Saved datasets
Last updated
Download format
Usage rights
License from data provider
Please review the applicable license to make sure your contemplated use is permitted.
Cost to access
Described as free to access or have a license that allows redistribution.
100+ datasets found
  1. NIH Chest X-rays

    Updated Feb 21, 2018
  2. Chest X-Ray Images (Pneumonia)

    Updated Mar 24, 2018
  3. G

    Utah FORGE: X-Ray Diffraction Data

    • +3more
    archive +1
    Updated Feb 7, 2018
  4. f

    COVID-19 Chest X-Ray Image Repository

    Updated Feb 2, 2022
  5. COVID-19 chest xray

    Updated May 15, 2020
  6. a

    Montgomery County X-ray Set

    Updated Feb 12, 2019
  7. d

    Data Collection by Shaip: Text, Audio, Image, Video for AI & ML Training

    Updated Mar 17, 2021
  8. Pulmonary Chest X-Ray Abnormalities

    Updated Mar 9, 2018
  9. Random Sample of NIH Chest X-ray Dataset

    Updated Nov 23, 2017
  10. Data from: Tomographic X-ray data of carved cheese

    Updated May 12, 2017
  11. p

    Data from: Smartphone-Captured Chest X-Ray Photographs

    Updated Sep 27, 2020
  12. Chest Xray Masks and Labels

    Updated Jan 21, 2019
  13. G

    Utah FORGE Well 16A(78)-32 X-ray Diffraction Data

    • +2more
    Updated Jul 29, 2021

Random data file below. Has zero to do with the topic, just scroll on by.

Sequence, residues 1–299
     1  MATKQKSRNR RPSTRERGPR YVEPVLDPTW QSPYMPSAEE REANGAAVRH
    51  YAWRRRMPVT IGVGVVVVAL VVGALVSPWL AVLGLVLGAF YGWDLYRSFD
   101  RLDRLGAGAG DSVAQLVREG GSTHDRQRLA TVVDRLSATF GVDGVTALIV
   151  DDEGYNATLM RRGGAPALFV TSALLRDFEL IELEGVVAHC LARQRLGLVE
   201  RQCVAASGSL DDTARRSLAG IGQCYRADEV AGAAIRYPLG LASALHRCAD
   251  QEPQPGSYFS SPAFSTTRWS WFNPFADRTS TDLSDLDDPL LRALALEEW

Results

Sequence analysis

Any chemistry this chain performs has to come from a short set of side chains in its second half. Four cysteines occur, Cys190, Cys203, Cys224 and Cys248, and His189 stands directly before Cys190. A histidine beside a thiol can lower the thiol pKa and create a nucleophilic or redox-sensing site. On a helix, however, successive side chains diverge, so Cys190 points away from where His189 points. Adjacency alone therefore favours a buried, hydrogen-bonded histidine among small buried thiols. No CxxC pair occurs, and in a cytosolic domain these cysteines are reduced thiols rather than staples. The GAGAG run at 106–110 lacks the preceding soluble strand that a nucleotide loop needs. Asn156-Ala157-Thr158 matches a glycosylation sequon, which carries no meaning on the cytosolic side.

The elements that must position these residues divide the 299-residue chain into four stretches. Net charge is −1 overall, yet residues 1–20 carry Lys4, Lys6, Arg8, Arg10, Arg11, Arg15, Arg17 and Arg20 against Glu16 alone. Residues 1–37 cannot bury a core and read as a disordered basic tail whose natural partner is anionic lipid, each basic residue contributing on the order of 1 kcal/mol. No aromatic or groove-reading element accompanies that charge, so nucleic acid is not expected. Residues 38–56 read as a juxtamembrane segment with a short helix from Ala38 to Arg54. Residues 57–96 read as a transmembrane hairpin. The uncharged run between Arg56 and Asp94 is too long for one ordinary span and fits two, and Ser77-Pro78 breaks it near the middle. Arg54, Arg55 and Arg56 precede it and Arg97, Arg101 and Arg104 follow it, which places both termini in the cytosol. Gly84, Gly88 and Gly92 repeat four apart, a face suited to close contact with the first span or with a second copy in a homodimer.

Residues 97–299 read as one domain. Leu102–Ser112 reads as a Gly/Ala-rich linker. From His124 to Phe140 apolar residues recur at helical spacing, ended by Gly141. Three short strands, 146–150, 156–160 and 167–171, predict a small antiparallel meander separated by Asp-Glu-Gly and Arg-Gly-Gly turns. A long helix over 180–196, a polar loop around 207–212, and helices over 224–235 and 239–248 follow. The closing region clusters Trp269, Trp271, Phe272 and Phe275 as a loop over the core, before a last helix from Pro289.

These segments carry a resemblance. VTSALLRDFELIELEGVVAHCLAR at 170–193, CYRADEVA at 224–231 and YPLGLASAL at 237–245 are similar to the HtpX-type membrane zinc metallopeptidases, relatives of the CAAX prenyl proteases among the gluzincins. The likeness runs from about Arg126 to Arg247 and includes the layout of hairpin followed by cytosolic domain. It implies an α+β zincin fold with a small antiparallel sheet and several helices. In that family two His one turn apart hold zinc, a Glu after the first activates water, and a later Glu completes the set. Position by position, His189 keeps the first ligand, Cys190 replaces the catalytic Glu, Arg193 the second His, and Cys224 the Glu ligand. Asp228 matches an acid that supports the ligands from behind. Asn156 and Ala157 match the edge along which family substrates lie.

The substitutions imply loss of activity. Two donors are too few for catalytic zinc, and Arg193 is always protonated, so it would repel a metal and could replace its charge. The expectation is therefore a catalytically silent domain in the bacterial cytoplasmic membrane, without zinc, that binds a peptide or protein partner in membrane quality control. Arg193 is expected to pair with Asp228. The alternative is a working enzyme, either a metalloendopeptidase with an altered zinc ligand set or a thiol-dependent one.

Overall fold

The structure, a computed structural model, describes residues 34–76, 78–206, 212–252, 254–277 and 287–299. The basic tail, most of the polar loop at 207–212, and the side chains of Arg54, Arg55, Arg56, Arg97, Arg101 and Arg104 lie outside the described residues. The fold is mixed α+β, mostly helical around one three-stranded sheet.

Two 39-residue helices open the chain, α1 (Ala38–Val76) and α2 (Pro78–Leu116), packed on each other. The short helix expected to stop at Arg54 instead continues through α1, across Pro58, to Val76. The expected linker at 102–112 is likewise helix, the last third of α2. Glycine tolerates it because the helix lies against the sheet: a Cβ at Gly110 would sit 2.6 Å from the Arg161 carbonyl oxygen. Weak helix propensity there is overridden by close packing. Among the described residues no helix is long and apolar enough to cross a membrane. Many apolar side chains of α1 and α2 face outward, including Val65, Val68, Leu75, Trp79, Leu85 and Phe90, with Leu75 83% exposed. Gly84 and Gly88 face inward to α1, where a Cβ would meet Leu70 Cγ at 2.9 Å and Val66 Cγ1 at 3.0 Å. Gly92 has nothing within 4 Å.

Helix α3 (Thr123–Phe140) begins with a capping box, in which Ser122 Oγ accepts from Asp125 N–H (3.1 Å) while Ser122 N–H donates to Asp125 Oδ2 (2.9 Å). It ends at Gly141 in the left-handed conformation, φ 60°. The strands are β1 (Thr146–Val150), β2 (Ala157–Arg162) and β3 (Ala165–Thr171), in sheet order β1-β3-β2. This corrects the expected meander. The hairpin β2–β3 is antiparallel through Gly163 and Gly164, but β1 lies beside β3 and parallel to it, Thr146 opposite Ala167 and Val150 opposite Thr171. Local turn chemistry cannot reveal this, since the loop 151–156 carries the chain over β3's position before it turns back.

14. m

    Digital Knee X-ray Images

    Updated Jun 23, 2020
  15. Medical X-ray global market size in 2018 and 2025

    Updated Feb 5, 2020
  16. a

    Shenzhen Hospital X-ray Set

    Updated Feb 12, 2019
  17. P

    ChestX-ray14 Dataset

  18. CoronaHack -Chest X-Ray-Dataset

    Updated Mar 20, 2020
  19. c

    Data from: Solving structure with sparse, randomly-oriented x-ray data

    Updated Jun 20, 2012
  20. m

    COVID19, Pneumonia and Normal Chest X-ray PA Dataset

    Updated Apr 9, 2021
Click to copy link
Link copied
National Institutes of Health Chest X-Ray Dataset (2018). NIH Chest X-rays [Dataset].
Organization logo

NIH Chest X-rays

Over 112,000 Chest X-ray images from more than 30,000 unique patients

120 scholarly articles cite this dataset (View in Google Scholar)
zip(45096150231 bytes)Available download formats
Dataset updated
Feb 21, 2018
Dataset authored and provided by
National Institutes of Health Chest X-Ray Dataset

CC0 1.0 Universal Public Domain Dedication
License information was derived automatically


NIH Chest X-ray Dataset

National Institutes of Health Chest X-Ray Dataset

Chest X-ray exams are one of the most frequent and cost-effective medical imaging examinations available. However, clinical diagnosis of a chest X-ray can be challenging and sometimes more difficult than diagnosis via chest CT imaging. The lack of large publicly available datasets with annotations means it is still very difficult, if not impossible, to achieve clinically relevant computer-aided detection and diagnosis (CAD) in real world medical sites with chest X-rays. One major hurdle in creating large X-ray image datasets is the lack resources for labeling so many images. Prior to the release of this dataset, Openi was the largest publicly available source of chest X-ray images with 4,143 images available.